# Find the characteristic roots and characteristic vector

• May 3rd 2009, 10:27 PM
zorro
Find the characteristic roots and characteristic vector
Find the characteristic roots and characteristic vectors of the matrix $A$ given by

$
A= \begin{bmatrix}
1 & 2 & 3 \\
0 & 2 & 3 \\
0 & 0 & 2
\end{bmatrix}
$
• May 4th 2009, 01:10 AM
Gamma
This matrix is already in diagonal form. You find the roots of the characteristic polynomial det(A-Ix). In this case, they are just the things on the diagonal.

To find the "characteristic vectors" I assume you are talking about the eigenvectors. Simply put the eigenvalue in for x in A-Ix (just subtract the value from the diagonal). Then you set that equal to 0 and find a basis for this solution space (the null space). This is the basis for the kernel of $(A-I\lambda)x$.
• May 4th 2009, 01:28 AM
mr fantastic
Quote:

Originally Posted by Gamma
This matrix is already in diagonal form. [snip]

I'm sure you meant to say upper triangular form.

(By the way, welcome and thanks for all your help so far at MHF (Clapping))
• May 4th 2009, 01:43 AM
Gamma
Whoa! whoops. Yeah exactly. it is 4:42 am here, I think it is bedtime, lol. Take care.
• December 19th 2009, 10:23 PM
zorro
I am stuck here
Quote:

Originally Posted by mr fantastic
I'm sure you meant to say upper triangular form.

(By the way, welcome and thanks for all your help so far at MHF (Clapping))

I have got $\lambda = 1,2$

Taking $\lambda = 1$

$\begin{bmatrix} 0 & 2 & 3\\ 0 & 1 & 3 \\ 0 & 0 & 1 \end{bmatrix}$ $\begin{bmatrix} x \\ y \\ z \end{bmatrix}$ = $\begin{bmatrix}0 \\ 0 \\ 0 \end{bmatrix}$ $\Rightarrow$ $\begin{cases} 2y + 3z = 0 \\ y + 3z =0 \\z = 0 \end{cases}$

I am stuck here what should i do know from here onwards ?????
• December 19th 2009, 10:42 PM
CaptainBlack
Quote:

Originally Posted by zorro
I have got $\lambda = 1,2$

Taking $\lambda = 1$

$\begin{bmatrix} 0 & 2 & 3\\ 0 & 1 & 3 \\ 0 & 0 & 1 \end{bmatrix}$ $\begin{bmatrix} x \\ y \\ z \end{bmatrix}$ = $\begin{bmatrix}0 \\ 0 \\ 0 \end{bmatrix}$ $\Rightarrow$ $\begin{cases} 2y + 3z = 0 \\ y + 3z =0 \\z = 0 \end{cases}$

I am stuck here what should i do know from here onwards ?????

That should tell you that $y=0$, $z=0$ and $x$ is arbitrary. So take:

$\bold{x}_{(\lambda=1)}=\left[\begin{array}{c}1\\0\\0 \end{array}\right]$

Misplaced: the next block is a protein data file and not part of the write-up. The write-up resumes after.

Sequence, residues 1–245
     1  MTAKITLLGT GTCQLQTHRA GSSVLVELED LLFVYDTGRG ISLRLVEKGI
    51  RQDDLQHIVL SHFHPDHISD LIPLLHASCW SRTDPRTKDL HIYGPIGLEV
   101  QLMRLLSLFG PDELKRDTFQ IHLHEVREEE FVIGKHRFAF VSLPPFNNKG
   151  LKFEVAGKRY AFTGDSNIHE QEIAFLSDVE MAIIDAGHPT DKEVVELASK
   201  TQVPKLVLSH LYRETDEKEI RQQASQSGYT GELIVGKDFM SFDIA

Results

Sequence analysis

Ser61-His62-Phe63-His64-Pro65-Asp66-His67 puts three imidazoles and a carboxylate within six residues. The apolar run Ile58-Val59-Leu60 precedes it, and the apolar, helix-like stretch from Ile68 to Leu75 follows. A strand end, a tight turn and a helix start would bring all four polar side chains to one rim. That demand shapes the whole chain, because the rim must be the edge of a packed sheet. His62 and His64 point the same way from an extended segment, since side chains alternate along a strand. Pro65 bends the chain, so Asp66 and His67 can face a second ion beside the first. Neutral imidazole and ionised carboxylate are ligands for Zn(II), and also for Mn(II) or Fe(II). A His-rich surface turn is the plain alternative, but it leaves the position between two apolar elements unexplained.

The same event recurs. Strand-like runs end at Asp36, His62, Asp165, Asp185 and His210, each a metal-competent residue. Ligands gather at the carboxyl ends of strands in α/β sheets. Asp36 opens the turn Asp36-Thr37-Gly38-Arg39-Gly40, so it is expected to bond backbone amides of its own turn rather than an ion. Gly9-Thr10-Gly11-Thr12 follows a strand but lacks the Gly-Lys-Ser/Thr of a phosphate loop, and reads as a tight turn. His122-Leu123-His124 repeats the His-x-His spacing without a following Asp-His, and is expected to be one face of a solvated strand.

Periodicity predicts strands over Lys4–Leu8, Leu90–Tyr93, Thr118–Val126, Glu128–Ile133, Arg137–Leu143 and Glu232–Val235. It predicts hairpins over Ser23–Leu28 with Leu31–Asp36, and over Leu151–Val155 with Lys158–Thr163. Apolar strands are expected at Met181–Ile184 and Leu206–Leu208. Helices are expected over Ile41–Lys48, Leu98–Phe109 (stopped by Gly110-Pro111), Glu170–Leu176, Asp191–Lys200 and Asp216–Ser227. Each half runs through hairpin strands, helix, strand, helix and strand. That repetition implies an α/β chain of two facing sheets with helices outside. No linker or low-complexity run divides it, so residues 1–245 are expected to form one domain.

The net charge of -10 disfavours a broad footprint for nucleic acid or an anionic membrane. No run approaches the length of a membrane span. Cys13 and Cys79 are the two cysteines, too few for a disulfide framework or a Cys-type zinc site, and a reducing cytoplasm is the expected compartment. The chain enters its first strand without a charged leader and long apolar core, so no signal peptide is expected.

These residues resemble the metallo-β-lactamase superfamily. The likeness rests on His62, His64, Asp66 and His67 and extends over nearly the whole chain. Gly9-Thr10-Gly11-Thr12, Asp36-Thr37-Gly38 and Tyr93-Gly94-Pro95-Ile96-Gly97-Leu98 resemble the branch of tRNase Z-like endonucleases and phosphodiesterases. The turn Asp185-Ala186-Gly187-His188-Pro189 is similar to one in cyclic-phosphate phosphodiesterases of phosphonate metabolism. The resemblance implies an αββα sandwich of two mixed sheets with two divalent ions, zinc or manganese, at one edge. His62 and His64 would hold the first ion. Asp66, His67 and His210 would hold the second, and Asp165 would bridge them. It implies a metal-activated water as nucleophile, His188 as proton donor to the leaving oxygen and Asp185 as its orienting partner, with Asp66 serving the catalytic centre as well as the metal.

as the eigenvector corresponding to eigen value $\lambda=1$

When you work this for the other eigen value (which has multiplicity 2) you will find two solutions for the eigen vector (defined up to an arbitrary constant).

CB
• December 20th 2009, 12:39 AM
zorro
Is this what u are talking
Quote:

Originally Posted by CaptainBlack
That should tell you that $y=0$, $z=0$ and $x$ is arbitrary. So take:

$\bold{x}_{(\lambda=1)}=\left[\begin{array}{c}1\\0\\0 \end{array}\right]$

as the eigenvector corresponding to eigen value $\lambda=1$

When you work this for the other eigen value (which has multiplicity 2) you will find two solutions for the eigen vector (defined up to an arbitrary constant).

CB

$\lambda = 2$

$\begin{bmatrix} -1 & 2 & 3 \\ 0 & 0 & 3 \\ 0 & 0 & 0 \end{bmatrix}$ $\begin{bmatrix} x \\ y \\ z \end{bmatrix}$ = $\begin{bmatrix} 0 \\ 0 \\ 0 \end{bmatrix} \Rightarrow \begin{cases} -x + 2y + 3z = 0 \\ 3z = 0 \\ \end{cases}$

$\therefore$ $z = 0$

and $- x + 2y = 0$

U are correct so What should i do now ?????
• December 20th 2009, 01:49 AM
dedust
Quote:

Originally Posted by zorro
$\lambda = 2$

$\begin{bmatrix} -1 & 2 & 3 \\ 0 & 0 & 3 \\ 0 & 0 & 0 \end{bmatrix}$ $\begin{bmatrix} x \\ y \\ z \end{bmatrix}$ = $\begin{bmatrix} 0 \\ 0 \\ 0 \end{bmatrix} \Rightarrow \begin{cases} -x + 2y + 3z = 0 \\ 3z = 0 \\ \end{cases}$

$\therefore$ $z = 0$

and $- x + 2y = 0$

U are correct so What should i do now ?????

let $y=t$, $t \in \mathbb{R}$, then $x=2t$, and the solution is $(x,y,z) = (2t, t, 0) = t(2, 1, 0)$

so, the eigen vector is
$\bold{x}_{(\lambda=2)}=\left[\begin{array}{c}2\\1\\0 \end{array}\right]$